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The Pictorial Key to the Tarot

Arthur Edward Waite


Leaves of Grass

Walt Whitman


The Count of Monte Cristo

Alexandre Dumas


The Story of Doctor Dolittle

Hugh Lofting


Amrita

by Carlo de Fornaro

Excerpt:

Whose shadow is 'immortality, whose shadow is death !

—Rig Veda.

'IVE thousand Kalpas ago, the Devas and their archenemies the Asuras declared a truce. During several Kalpas they had been battling tenaciously and bitterly for a sip of the Amrita, that godly drink which gave immortality, health and power, which had the strength of Yama, was as inebriating as the Infinite, and more blissful than Nirvana.

Now, when the victorious Devas reached the haunt of the Ghandarves, who watched over the Amrita, they learned to their great consternation that not a single drop was left; and that the great Indra and Varuna having surreptitiously imbibed more than was good for them, were consequently, royally tipsy, and were to be found drowsing in the cool shadow of the Himalayas.

They determined to chastise these arrogant Rulers and devised several penalties ; but they soon saw the futility of their rage ; how could they inflict any bodily harm on immortals, to say nothing of killing them ?

According to the suggestion of the great serpent Sesha the only vengeance worthy and capable of affecting them was the stealing of the secret of the Amrita, which at this period had been tasted by two gods only.

As they could not obtain the secret by violence, they resorted to cunning, and after careful planning, one of the Devas approached Indra, who was

lying indecorously prostrate, while the others were peeping from behind some rocks.

" O Incomparable Indra, I humbly bring Thee a message from Indrani!" He shook him gently, repeating the phrase.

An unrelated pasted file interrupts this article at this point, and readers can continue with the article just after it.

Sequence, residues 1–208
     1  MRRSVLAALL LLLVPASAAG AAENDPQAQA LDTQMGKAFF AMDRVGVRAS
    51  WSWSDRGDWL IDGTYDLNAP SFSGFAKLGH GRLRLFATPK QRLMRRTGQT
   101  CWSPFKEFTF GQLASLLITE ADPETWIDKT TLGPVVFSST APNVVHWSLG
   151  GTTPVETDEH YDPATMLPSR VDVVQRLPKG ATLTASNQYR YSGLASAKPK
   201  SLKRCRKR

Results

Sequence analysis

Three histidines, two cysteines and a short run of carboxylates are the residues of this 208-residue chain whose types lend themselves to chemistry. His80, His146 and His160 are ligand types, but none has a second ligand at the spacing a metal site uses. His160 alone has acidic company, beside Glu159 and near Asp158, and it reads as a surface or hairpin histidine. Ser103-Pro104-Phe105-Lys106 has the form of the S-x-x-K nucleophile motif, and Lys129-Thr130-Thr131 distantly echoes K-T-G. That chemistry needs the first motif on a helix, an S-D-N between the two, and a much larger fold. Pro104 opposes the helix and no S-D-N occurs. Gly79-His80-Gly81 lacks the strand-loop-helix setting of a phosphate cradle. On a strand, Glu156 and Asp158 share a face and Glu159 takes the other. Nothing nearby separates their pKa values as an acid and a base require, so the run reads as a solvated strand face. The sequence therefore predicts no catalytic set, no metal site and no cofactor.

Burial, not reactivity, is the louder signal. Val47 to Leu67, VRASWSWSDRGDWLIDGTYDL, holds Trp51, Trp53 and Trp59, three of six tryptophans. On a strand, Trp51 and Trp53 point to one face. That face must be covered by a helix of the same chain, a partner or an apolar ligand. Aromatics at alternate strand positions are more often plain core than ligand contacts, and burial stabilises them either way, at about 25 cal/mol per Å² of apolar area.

" My wife . . . yes . . . and what may it be ? " ... mumbled Indra, glancing with half closed eye-lids at the Deva.

" She begs Thee to repeat the recipe for the concoction of the Amrita and wishes Thee to hasten, she being in great need of it."

"Amrita . . . oh, yes," slowly uttered Indra. " Churn the great Ocean . . . with Mount Man- dara . . . use also . . . Sesha . . . and sing . . . sing . . . Amrita . . . Amri . . . Am ..." and the rest was murmured in sleep.

But the Devas were well satisfied and prepared themselves for the prodigious task. However, something had been overlooked, for they discovered that it took twice their number to churn the great Ocean.

9

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Am. ri. la Am.ri -ta Anv.ri -ta

That is the reason they offered a truce to the Asuras, who willingly accepted on condition that they, too, should taste of the Amrita.

Thereupon they used Mount Mandara as a churning stick, wrapping round it, rope like, the great serpent Sesha. They moved the Mount to and fro, whirling it vertiginously, the Devas pulling at the serpent's tail and the Asuras at its head, and churned and churned, while the Ocean seethed and foamed and thundered and sputtered egre- giously, uproariously, as the great Sesha went back

and forth and as they intoned in a sing-song : t-

" Amrita . . . Amrita . . . Amrita. . . ! "

" Whose shadow is Immortality, " Whose shadow is Death ! " Give us thy powerful draught " To encircle the Infinite ! "Amrita . . . Amrita . . . Amrita!" Then they stopped for a rest, mopping their brows and watching the result of their labors. The Ocean had now dwindled almost to shal-

lowness; they let it ferment until they were to drink, still chanting monotonously : " Amrita . . . Amrita . . . Amrita. . . ! "

They lay prone shoulder to shoulder in a wide ellipse, the Devas on one side, the Asuras on the other, and drank and drank, to their fullest capacity, slowly, voluptuously, lulling themselves to sleep.

When Indra had slept his due, he was surprised by the all-pervading silence, which seemed to him abnormal and strange, and he was wondering what mischief the Devas and Asuras might be up to, as they had stopped quarrelling.


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